So, what’s the solution?

How the comic industry's secrecy hurts it

"How to Be A Comic Book Artist"
Image credit: Marie Severin/Marvel

There are, ultimately, two real options. The first has been the basic operating theory of the industry for decades: complain privately, occasionally leak damaging information in the hope that public outrage will embarrass bad actors into changing their ways and improving the system in small ways, and otherwise work towards slow, incremental change. If it sounds like I’m being sarcastic, that might be because I am — not least of all because this has demonstrably not significantly improved anything across the past… what, three decades? Longer…?

The alternative is… well, trying to do something about it. Realistically, that means organizing and following in the footsteps of the WGA, SAG-AFTRA, and, yes, the CBWU and UW7S, as well: working together as a collective to demand that things change. This isn’t a new idea; there have been numerous attempts to organize and facilitate collective bargaining by creators throughout the history of the comic book industry, and every single one has collapsed through mismanagement, disinterest, or a combination of the two, as the impetus behind getting together was faced with structural problems, publisher pushback, and individual self-interest.

None of this is helped by the fact that comics is a particularly secretive industry; one that today even lacks a reliable sales chart to establish how titles are selling even in comparison to each other, never mind through actual sales figures. Actual pay scales and benefit packages are, of course, private, which means that anything that goes public does so at the discretion of individual creators, making it difficult to establish a complete picture of who is actually being paid what, and by whom, just as it’s difficult to establish a clear idea of how much revenue is generated by their work for publishers.

Again, comics being the industry that it is, even publishers don't necessarily have an accurate idea of pay scales or sales for their competitors; everything relies on gossip, heresay, and the few willing to share information with others firsthand. Ironically, it's another way in which the establishment of a comics industry version of the AMPTP might be helpful to all parties.

Sure; we knew that the system is broken, but it turns out that the comics system is actually so broken that no-one can figure out just how broken it actually is.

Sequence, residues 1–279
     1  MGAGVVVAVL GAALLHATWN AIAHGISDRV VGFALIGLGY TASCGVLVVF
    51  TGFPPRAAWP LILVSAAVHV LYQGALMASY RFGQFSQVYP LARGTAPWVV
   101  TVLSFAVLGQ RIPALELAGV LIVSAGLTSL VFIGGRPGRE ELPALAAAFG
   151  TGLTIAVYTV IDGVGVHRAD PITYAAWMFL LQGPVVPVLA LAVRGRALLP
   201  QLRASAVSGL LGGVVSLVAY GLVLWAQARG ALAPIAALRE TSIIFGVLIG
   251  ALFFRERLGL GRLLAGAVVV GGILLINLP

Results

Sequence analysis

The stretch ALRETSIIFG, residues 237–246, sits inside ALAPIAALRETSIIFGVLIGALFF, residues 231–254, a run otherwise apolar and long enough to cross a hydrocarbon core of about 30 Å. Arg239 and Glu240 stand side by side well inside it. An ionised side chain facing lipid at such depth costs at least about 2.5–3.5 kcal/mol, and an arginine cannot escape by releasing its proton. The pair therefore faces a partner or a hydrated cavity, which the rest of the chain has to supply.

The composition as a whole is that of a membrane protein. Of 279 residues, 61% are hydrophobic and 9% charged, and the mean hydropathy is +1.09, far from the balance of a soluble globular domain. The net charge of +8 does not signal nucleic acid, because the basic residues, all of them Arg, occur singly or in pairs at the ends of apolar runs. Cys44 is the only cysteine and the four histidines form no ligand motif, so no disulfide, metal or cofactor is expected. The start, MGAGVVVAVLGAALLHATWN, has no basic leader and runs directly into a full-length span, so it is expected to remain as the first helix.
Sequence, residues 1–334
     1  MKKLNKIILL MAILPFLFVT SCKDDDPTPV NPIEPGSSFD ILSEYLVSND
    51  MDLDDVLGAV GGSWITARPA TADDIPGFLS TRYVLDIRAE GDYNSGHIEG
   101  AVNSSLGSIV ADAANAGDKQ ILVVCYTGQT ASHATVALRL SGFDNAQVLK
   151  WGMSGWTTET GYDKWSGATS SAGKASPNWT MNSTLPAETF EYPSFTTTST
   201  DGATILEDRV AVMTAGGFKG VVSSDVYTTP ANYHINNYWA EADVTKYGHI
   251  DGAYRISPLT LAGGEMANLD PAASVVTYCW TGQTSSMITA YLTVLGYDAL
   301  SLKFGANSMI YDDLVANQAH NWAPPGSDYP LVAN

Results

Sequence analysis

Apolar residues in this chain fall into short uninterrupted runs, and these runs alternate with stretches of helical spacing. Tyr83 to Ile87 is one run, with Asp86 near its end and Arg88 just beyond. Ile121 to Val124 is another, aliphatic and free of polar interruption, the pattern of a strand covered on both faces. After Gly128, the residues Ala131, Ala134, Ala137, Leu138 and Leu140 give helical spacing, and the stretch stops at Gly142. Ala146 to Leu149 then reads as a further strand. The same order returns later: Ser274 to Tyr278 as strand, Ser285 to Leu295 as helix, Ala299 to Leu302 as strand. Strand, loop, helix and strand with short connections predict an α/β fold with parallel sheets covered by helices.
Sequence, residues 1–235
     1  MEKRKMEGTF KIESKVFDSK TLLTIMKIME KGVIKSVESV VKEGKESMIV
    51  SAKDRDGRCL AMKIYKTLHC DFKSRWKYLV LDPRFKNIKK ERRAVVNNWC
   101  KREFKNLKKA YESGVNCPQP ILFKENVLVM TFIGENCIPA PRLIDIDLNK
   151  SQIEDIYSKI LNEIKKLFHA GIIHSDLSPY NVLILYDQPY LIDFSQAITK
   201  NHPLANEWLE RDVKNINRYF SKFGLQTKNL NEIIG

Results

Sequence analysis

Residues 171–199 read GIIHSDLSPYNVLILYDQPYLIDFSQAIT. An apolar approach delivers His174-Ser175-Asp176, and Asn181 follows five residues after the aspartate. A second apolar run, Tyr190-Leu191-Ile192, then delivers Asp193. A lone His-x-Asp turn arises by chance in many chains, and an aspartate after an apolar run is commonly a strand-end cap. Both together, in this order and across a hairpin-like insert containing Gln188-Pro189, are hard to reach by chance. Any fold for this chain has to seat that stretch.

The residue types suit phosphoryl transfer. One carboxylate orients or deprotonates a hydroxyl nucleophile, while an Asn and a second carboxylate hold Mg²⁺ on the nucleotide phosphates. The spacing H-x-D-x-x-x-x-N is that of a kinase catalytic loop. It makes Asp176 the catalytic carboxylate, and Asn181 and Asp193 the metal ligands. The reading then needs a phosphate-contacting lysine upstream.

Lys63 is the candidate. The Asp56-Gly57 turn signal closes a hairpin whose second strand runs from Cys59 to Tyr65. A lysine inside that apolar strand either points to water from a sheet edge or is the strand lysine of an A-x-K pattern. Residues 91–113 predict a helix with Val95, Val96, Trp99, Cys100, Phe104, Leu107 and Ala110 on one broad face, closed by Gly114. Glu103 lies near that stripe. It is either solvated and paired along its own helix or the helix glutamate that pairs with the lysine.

Unions, guilds, whatever it takes

"How to Be A Comic Book Artist"
Image credit: Marie Severin/Marvel

As difficult as all of this is — and it is difficult, especially given that it is all additional effort required of creators on top of, you know, actually doing their jobs, which can be a stressful undertaking at the best of times — it might finally be time for comic book creators to accept en masse that things will only change when action is taken, and that the kind of widespread structural change that is being asked for, that is visibly necessary, needs action taken on a scale and in a form that hasn’t been accomplished before.

Perhaps the efforts of the WGA and SAG-AFTRA can act as a touchstone for creators, just as the CBWU and UW7S unions can demonstrate that things don’t have to stay the same in the industry on the publisher level. Maybe, with the seeming wave of support for collective bargaining and systemic shift growing across the U.S. right now, things have the potential to actually be different this time.

What that looks like is, honestly, impossible to predict, and there isn't a quick fix or single move that will change everything in the manner we like to imagine thanks to the stories we've all grown up with. (Sorry, Bill Willingham.) These are complicated problems, and the solutions are likely to be just as complicated if not more so. That doesn't mean that change can't happen, or that things will never improve, simply that it's almost guaranteed to take time, effort, and a patience on all sides. There's no easy solution to how broken the comic industry is for almost everyone involved, but that doesn't mean that there is necessarily no solution.

No one will ever know if they don’t try.

Learn more about CBWU’s complaints against Image Comics.